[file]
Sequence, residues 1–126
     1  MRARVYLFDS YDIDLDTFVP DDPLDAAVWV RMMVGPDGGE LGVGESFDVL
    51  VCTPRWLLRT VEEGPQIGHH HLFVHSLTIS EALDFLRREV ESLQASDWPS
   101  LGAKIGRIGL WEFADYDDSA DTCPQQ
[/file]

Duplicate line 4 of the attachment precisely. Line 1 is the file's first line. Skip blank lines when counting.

   101  LGAKIGRIGL WEFADYDDSA DTCPQQ